The challenge is how can you not be the moralizing, grandstanding beast of the baby boomers but not render yourself totally ineffectual and—the word that comes to mind is miniature. How can you write about the obscure things that give you pleasure with a style flexible enough to come round to look at more urgent matters? Humor matters here, and self-awareness, and the language of persuasion and inclusion rather than hectoring and sermonizing. You don’t have to be a preacher to talk about what matters, and you don’t have to drop the pleasures of style. If you can be passionate about, say, Russian dictionary entries from the early nineteenth century, can you work your way up to the reconstruction of New Orleans? And can you retain some of the elegance and some of the pleasure when you look at big, pressing topics?

What bedevils me, I’m tying to say, is the question of how one goes about making this stuff, where stuff is some value of work — fiction, performance, gallery art whatever — that engages with the world in a meaningful way & doesn’t dodge out. To set out to do something like that is maybe the wrong way to go about it (that is, you don’t sit down to write an Important Novel) — but somewhere along the line, maybe while you’re revising, you have to acknowledge a certain amount of ambition or earnestness, and this acknowledgment is inherently ridiculous. It is kind of silly, in either a despairing existential way — all’s dust — or a hardheaded, pragmatic way — how many people read literary fiction? — or in a purely formal way — here you are, sitting in a room & inventing people who talk to each other & worrying about whether they’re speaking correctly, and it all reminds me a little of that Vonnegut line about reviewers expressing rage & loathing for a novel being preposterous, “like a person who has put on full armor and attacked a hot fudge sundae.”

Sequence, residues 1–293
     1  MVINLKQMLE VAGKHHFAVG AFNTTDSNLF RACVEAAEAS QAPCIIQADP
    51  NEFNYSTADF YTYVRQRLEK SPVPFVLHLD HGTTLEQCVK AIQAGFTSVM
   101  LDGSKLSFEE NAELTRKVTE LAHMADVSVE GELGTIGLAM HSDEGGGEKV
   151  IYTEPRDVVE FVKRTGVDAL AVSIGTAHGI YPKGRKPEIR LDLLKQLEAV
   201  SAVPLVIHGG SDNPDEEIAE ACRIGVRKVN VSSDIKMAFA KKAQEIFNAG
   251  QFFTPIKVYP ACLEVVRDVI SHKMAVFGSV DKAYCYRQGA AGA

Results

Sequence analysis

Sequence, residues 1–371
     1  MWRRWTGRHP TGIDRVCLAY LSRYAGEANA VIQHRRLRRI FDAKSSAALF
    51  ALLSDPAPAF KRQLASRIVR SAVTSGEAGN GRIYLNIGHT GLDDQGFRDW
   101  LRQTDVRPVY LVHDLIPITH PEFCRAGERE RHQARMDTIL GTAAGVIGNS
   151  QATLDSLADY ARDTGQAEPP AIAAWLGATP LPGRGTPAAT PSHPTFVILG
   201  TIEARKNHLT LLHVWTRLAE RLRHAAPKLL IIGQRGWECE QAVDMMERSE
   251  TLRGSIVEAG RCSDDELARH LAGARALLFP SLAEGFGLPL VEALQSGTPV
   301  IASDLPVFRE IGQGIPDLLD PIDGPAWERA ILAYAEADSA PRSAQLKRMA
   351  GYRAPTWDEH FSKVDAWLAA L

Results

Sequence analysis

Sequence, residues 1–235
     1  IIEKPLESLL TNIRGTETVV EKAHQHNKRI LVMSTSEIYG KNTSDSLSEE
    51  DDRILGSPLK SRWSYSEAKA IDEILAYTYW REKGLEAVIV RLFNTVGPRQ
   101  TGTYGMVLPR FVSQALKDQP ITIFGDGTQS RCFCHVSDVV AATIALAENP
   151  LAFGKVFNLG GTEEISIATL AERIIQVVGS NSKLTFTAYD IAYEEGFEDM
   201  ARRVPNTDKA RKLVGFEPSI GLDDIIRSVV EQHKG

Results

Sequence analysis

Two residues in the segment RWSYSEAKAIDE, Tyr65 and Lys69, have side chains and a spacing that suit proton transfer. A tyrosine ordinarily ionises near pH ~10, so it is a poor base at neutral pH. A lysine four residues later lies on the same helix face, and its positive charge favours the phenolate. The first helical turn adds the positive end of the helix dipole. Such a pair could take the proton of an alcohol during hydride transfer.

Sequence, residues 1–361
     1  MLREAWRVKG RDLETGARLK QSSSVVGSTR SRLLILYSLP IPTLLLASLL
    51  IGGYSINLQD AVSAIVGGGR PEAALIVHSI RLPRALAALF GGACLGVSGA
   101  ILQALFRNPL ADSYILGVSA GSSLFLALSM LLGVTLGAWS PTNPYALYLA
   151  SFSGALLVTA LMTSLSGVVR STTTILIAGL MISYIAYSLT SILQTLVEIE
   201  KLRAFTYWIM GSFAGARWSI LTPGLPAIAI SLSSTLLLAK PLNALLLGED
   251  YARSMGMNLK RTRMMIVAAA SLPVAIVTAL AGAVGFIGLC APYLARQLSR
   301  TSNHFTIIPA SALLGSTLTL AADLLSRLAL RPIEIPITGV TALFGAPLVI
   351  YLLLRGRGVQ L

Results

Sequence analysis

The worrying thing for me is how to make it, which is sometimes superseded or confused by the usual preoccupation of, say, a literary review, which is usually more along the lines of, how do we judge this? Having critical training is nice, I guess, if you’re going to make something, but it’s not necessarily helpful while you’re working on draft no. 1.

How do you make this stuff? How funny can you be in these Times? — and I think by that I don’t mean, in these Serious, Serious times where we are presented by Serious issues, but rather in a climate where the thing to do is to be distantly ironic about everything —  because who knows what will happen next?

I mean, I did my high school senior thesis on satire, which I think is what started me getting earnest in the first place, because while satire may be funny, it’s funny in an earnest kind of way, it takes itself seriously enough to aim itself like a weapon, and how, for instance, do you satirize a world that bombs the moon for water? (this is scrawled in my notebook).